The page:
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Inside the Post-Dispatch: The View From AJR

American Journalism Review just published a piece about newspaper accuracy where layoffs-meet-the-Internet, and the St. Louis Post-Dispatch is the main character in the 3,530-word article.

Only hard-core media wonks will appreciate all three-thousand of those words, so I've taken the liberty of posting a few excerpts about the new news culture within the P-D.

Let's start with AJR author Carl Sessions Stepp's great lede:

Sunrise approaches on a Friday morning, and the St. Louis Post-Dispatch Web site is being updated early - from Mandy St. Amand's bathroom.

St. Amand, the Post-Dispatch continuous news editor, has balanced her laptop on the toilet lid and, while drying her hair and prepping for the office, is reworking homepage headlines.

Not surprisingly, no copy editor is handy at 5:30 a.m., so St. Amand's work goes online unchecked by a colleague. She estimates that between 40 and 50 Post-Dispatch staffers can post directly to the site, often remotely and without a second read - a growing, troubling trend in these days of never-ending news cycles and ever-dwindling editing corps.
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The thrust of the story is that layoffs, combined with the give-it-to-me-now appetite of Internet media consumers, have crippled big newspapers' ability to copy-edit articles and headlines.

As AJR reports, the local daily has lost nineteen copy editors in the last several years, and now employs 21 copy editors. That means errors get through more often than editors and reporters would like.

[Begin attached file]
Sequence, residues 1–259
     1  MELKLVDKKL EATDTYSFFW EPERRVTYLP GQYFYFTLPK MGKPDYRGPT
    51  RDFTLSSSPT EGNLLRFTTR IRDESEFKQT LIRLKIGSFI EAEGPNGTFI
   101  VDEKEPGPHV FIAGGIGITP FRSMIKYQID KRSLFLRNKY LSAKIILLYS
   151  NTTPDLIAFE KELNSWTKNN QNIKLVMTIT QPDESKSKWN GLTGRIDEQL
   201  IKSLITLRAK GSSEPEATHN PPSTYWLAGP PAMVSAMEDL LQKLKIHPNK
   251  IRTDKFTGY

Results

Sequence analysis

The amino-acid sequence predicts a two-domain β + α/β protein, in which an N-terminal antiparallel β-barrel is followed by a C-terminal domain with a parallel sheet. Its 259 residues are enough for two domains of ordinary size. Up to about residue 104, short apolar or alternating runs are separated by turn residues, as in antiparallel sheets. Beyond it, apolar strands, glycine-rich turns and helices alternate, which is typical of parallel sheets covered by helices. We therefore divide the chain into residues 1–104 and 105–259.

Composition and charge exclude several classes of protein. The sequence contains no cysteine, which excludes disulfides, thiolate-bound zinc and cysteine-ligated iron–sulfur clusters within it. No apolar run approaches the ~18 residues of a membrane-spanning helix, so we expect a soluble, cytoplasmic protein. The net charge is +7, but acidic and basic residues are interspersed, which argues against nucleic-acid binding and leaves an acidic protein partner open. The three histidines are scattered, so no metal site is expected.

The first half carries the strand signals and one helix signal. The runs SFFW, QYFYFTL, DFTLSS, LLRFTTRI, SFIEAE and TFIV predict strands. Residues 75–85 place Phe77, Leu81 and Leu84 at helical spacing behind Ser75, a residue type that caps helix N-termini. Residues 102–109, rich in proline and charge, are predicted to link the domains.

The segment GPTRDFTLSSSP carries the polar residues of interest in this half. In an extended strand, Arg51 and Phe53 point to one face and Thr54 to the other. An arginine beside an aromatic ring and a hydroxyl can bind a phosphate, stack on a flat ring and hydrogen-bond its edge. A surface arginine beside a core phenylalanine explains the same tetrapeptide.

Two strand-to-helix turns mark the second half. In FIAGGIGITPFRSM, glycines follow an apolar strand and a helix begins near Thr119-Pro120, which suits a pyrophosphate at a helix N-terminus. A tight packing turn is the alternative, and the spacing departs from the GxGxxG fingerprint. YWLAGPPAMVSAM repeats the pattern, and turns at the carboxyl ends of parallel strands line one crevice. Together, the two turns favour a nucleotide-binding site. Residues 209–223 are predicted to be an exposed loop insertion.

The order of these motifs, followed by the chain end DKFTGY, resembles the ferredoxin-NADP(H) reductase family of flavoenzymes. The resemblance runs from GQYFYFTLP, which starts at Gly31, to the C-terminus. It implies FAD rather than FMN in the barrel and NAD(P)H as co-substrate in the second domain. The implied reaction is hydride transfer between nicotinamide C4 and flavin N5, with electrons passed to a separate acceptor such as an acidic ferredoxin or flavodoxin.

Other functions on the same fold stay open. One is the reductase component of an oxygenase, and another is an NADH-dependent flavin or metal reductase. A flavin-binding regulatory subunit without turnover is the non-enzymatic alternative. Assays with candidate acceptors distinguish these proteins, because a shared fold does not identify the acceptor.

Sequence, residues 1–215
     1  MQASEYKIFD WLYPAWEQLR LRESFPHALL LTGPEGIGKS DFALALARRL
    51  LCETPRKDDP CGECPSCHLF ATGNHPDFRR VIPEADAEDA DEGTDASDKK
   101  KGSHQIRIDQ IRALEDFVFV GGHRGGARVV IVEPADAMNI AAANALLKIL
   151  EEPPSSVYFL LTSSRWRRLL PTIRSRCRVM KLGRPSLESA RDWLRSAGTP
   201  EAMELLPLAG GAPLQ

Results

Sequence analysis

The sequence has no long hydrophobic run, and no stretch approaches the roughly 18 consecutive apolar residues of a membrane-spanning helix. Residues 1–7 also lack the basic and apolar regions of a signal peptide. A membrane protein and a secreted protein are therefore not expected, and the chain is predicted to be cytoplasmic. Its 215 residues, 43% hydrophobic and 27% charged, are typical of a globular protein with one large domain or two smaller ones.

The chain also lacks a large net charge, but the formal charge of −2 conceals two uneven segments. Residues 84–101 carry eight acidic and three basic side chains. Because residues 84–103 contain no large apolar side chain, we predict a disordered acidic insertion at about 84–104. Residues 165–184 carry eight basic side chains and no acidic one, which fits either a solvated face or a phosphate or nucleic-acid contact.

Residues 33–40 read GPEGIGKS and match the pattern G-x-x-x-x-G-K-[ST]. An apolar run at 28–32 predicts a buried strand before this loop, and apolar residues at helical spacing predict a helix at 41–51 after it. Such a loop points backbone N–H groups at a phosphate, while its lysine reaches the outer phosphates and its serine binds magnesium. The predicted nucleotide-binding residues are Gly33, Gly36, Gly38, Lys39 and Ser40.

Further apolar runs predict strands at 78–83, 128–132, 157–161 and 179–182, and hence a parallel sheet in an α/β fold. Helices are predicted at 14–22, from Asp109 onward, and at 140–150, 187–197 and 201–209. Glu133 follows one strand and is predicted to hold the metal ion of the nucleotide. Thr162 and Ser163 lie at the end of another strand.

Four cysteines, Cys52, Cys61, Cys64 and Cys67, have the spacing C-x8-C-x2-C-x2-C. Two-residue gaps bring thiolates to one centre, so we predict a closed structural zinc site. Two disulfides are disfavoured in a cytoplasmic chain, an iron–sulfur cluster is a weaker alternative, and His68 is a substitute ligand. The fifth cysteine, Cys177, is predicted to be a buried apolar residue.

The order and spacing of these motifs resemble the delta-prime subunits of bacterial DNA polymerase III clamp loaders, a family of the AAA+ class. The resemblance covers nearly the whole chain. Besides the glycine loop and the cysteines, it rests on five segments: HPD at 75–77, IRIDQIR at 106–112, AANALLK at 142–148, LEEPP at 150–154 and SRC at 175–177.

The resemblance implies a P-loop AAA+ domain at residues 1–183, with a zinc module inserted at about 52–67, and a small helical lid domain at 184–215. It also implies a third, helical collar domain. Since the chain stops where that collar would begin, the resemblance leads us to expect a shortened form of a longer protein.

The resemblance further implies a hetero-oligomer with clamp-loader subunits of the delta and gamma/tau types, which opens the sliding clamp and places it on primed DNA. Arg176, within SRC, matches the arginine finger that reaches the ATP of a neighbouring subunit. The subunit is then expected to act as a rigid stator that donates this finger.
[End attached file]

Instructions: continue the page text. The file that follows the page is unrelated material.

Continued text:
Bill McClellan had it happen to him recently, as AJR recounts:

[...] he recently experienced a "brain cramp" and called Missouri a blue state, even though it has gone Democratic only twice in the past eight presidential races. The error zipped past editors and ended up in print.

McClellan won't blame the copy desk, which he says is "astoundingly good," and regularly calls to check things like song lyrics he's tangled. "Nine times out of 10 the copy desk catches things," he says, "and the red-blue error was the tenth."

But, he adds, "You never do more with less. You do less with less. You have fewer copy editors, more mistakes get through."

AJR crunches some other numbers:

A news staff of about 340 five years ago is about 210 today, [executive editor Arnie] Robbins calculates. Some 40 pages of space per week have been lost in the newspaper, which is introducing a narrower page width that could cost another 5 percent of newshole.

These challenges are not unique to St. Louis, but the Post-Dispatch seems a symbolic place to examine their impact on editing. It is a 241,000-circulation, middle-American, blue-collar institution, founded in 1878 by Joseph Pulitzer, the editing giant famous for preaching "accuracy, accuracy, accuracy."

AJR reports that readers on the P-D website are becoming default copy editors, noticing errors and pointing them out to the paper's staff by posting comments on the stories.

This was the kicker for me:

Will Sullivan, the Post-Dispatch's 28-year-old interactive director, appreciates the concerns of veteran colleagues but also welcomes a future of new thinking and tools.

He envisions that editing will become "more of a barn-raising...an everyone-is-an-editor model," where "the concept of news is a wiki" and a story becomes "a kind of rolling document" moving through a continuous editing process.

The thought of my daily newspaper becoming like Wikipedia is scary...




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